DJ NATIVESUN: AN AFROPUNK DJ MIX
July 26, 2019
If there’s a reason you can hear how fluidly one of DMV’s favorite native sons, DJ Nativesun, moves from style to style on the mixer and the beats, it’s because he long ago internalized the diversity of local D.C. music culture. Go-go, hip-hop, and soul, punk rock, improvised noise, electronic music from across the world: around Chocolate City and its Maryland and Virginia suburbs, all these sounds live next to and feed one another. DJ Nativesun’s sets are the product of that exchange. And this year, he’s bringing this all-encompassing DMV-gone-global sound — what he calls Future R&Bass — to AFROPUNK Brooklyn.
Ahead of his appearance at Commodore Barry Park, we asked him about his musical style, about the mix and about his thoughts on the rocking the AFROPUNK community.
Can you identify some of the music on the mix? What does the music mean to you or represent for you?
Most of the music on here is pretty high energy, gaging from Club (Jerz/Baltimore), Gqom, UK Funky, Vogue, Techno, Afro House. This Music represents resistance. Resistance against the norms, rebellion music.
How did you first get into DJing, and who are some of your DJing influences?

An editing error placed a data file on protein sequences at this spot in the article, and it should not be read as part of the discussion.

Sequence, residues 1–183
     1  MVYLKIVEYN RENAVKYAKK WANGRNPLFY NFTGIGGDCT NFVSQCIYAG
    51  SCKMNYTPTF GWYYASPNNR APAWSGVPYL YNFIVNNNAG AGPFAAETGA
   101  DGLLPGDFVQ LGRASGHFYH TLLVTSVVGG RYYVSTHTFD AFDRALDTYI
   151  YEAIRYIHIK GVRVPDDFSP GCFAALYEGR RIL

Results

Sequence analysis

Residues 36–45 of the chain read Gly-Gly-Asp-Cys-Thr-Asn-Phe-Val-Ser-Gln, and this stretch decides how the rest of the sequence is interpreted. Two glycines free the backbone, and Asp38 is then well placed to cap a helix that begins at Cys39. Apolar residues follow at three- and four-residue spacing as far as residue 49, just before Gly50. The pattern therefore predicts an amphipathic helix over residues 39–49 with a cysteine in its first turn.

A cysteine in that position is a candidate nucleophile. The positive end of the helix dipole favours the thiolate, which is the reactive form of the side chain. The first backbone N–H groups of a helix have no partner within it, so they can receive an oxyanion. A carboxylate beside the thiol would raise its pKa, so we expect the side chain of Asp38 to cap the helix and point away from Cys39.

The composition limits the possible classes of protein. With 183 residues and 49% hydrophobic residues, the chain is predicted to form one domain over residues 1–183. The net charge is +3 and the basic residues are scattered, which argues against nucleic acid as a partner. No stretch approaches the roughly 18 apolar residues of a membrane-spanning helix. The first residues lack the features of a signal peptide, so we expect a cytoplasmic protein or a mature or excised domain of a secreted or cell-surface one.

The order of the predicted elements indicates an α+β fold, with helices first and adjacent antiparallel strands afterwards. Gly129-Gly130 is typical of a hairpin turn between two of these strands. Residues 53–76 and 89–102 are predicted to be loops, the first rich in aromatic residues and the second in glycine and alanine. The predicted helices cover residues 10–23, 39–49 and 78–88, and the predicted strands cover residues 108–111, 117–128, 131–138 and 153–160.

I grew up around music at an early age. My dad would be digging and spinning records and I always found myself sneaking into his room looking through his collection at the different album covers. I would spend all day talking about music with my friends and one day they suggested I become a DJ. I saved my money up that summer and bought some real shitty equipment, after that, it was no turning back. Some of my biggest influences have been DJs from my area DJs Dee Clark, Underdog, Jahsonic, Sam ‘The Man” Burns.
What are you most looking forward to art AFROPUNK Brooklyn?
Looking forward to seeing thousands of people of color coming together to have a good time.
What does the phrase “We See You” mean to you?
It means the hard work isn’t being ignored. You see the journey and understand the process.